Faced with a budgetary shortfall, a Salvation Army addictions clinic is looking for more sources of funding to ensure it can stay opened beyond its original three-year mandate.
Fireside Addictions Services has been providing out-patient addictions counselling services for 16 months out of the Cascade Centre on Yale Road.
The clinic is part of a Salvation Army pilot project to replace services formerly provided by its Miracle Valley residential treatment centre. Since opening, Fireside chaplain Bob Rat-cliffe and counsellor Jim Ligertwood said they have opened files for nearly 100 clients.
The program's original budget intended to have fees from clients supplement funding from the Salvation Army. But while Ratcliffe says the clinic has been well-received by clients and others in the community, the fees haven't materialized.
Ratcliffe and Ligertwood-both of whom worked at Miracle Valley prior to its closure-said they've discovered that many addicts are either on the street or working poor facing significant debts.
"Many of our clients . . . have found themselves unable to pay," Ratcliffe said. "We won't turn them away; we'll work with them. We try to operate on a sliding scale that goes down to zero to meet the needs of that individual."
But that's left a hole in Fireside's budget.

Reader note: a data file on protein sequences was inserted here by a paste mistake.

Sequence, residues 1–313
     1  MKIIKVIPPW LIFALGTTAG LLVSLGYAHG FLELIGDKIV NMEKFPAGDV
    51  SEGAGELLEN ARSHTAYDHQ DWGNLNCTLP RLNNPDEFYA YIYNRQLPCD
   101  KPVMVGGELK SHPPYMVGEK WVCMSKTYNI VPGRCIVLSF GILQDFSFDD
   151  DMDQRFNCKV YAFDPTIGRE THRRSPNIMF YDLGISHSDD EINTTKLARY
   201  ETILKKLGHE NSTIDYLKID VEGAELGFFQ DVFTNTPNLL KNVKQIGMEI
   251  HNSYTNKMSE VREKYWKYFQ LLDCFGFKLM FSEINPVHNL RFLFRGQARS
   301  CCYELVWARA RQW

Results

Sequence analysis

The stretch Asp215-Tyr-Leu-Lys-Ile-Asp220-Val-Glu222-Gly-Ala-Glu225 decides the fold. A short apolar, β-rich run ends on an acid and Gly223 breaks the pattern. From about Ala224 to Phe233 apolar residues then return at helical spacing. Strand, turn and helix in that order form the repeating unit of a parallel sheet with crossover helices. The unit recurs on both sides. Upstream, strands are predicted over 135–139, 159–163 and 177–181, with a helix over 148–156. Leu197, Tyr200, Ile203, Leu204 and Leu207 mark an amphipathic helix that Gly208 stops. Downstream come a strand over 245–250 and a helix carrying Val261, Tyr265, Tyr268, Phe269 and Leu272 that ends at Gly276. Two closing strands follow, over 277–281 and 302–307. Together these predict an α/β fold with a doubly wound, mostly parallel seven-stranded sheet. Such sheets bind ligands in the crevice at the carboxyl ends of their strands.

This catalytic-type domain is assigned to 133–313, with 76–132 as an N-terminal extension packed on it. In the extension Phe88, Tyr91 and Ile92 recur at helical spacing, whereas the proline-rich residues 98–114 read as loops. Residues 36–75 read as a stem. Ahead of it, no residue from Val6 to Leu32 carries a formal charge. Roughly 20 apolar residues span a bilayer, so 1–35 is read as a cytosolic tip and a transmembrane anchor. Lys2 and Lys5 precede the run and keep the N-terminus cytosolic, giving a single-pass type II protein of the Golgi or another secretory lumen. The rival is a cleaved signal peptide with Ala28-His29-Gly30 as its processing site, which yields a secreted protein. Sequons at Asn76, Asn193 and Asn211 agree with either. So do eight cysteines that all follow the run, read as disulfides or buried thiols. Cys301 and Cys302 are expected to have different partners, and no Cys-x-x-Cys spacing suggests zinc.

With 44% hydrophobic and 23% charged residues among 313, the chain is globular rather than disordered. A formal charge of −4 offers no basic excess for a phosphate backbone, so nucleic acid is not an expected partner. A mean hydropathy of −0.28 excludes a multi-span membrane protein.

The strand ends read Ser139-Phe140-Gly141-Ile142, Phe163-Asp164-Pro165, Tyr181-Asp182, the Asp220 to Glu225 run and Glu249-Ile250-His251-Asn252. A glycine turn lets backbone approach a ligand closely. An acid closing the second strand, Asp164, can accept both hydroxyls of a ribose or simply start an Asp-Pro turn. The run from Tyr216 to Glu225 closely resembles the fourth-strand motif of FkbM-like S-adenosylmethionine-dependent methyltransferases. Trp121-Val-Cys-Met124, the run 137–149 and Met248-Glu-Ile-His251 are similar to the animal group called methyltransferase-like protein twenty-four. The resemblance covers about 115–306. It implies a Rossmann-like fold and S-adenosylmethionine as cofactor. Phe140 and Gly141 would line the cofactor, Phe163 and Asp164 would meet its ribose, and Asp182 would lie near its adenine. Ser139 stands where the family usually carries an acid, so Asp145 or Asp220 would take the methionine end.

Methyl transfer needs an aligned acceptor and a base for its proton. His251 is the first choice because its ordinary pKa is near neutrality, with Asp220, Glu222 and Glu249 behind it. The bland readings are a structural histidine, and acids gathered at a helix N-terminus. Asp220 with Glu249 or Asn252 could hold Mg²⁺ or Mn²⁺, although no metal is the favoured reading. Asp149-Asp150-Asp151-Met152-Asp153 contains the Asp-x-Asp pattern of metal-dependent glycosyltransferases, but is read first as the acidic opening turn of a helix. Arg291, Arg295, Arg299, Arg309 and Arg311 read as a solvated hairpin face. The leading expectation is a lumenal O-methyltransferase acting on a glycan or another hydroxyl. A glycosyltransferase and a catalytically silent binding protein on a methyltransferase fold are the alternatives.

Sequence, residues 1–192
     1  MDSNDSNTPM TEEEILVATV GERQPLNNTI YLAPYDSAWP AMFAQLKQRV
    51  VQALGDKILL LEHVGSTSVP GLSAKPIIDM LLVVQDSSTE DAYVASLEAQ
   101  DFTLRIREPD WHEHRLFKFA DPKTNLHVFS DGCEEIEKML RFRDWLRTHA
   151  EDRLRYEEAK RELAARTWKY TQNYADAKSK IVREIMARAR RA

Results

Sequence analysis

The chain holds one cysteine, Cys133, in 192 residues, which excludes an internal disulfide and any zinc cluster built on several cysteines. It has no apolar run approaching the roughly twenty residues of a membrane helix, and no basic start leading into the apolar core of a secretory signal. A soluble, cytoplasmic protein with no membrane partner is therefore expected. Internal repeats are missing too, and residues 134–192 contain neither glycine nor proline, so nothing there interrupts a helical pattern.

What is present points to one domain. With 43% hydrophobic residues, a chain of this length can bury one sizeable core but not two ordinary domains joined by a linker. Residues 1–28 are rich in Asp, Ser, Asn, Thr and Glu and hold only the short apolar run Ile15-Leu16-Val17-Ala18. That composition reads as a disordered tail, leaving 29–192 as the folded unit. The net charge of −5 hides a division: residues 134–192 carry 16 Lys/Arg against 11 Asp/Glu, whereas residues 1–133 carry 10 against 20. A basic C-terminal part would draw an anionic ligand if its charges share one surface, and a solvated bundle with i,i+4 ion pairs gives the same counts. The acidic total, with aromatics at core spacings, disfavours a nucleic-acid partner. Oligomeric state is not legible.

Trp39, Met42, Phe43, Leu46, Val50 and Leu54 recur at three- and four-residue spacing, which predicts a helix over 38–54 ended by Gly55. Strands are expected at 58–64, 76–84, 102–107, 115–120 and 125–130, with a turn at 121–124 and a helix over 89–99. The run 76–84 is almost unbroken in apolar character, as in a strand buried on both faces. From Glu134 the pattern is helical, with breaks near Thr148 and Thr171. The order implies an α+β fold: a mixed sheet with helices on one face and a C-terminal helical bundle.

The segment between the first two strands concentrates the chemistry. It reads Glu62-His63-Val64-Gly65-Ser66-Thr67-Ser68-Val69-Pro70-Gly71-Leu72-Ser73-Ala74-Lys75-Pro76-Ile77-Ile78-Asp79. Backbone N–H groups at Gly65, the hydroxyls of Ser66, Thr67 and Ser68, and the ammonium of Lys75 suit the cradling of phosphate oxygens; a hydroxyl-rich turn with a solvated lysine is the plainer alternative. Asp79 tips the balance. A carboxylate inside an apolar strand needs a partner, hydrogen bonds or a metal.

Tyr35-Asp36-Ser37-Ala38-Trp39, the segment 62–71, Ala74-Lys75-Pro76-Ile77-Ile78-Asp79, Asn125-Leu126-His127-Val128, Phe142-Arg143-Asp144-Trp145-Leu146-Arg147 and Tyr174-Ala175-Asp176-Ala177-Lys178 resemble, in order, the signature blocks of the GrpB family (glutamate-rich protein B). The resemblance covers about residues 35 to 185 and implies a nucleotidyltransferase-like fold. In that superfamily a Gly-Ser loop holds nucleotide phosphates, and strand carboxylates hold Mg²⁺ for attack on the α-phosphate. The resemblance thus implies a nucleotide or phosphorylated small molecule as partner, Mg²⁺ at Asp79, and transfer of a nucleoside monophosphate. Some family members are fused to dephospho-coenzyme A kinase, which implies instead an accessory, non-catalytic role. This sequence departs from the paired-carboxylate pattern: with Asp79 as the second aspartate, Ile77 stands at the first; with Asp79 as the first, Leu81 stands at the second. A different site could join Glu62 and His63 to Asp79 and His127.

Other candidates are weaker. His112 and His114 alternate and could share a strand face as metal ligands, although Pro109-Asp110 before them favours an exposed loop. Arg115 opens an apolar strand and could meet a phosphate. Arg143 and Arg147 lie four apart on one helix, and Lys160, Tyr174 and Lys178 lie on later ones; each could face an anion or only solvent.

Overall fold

Ratcliffe said generous donors have made up part of the shortfall. But the clinic remains in the red, leaving Rat-cliffe and Ligertwood to continue looking for other partners in the community to provide funding and help it continue its work in the future.
"If we can find some means of redressing the financial shortfall, I think there's every reason to believe the program will be continued," Ratcliffe said. "The value of the program is not in question, and the need for the program is not in question. It's just a question of how we're going to sustain it financially going forward."
Fireside doesn't receive any money from the government, which Rat-cliffe said allows it to offer faith-based and 12-step programs and avoid "bureaucratic" policies.
Since opening, programs have shifted to accommodate the preferences of clients, Ligertwood said. The focus is presently on one-on-one meetings, and Fireside has begun using what's called a "community reinforcement approach," which Ligertwood said aims to replace drugs' apparent benefits with healthier, more pro-social activities.
"Treatment centres treat the problem of addiction, and when people are turned loose they find they are bored to death and don't know what to do with their time," Ligertwood said.
He added that he also works on helping clients develop social skills to allow them to reintegrate themselves back into society.
"Addicts typically isolate themselves so getting back in the mainstream is a big problem," he said.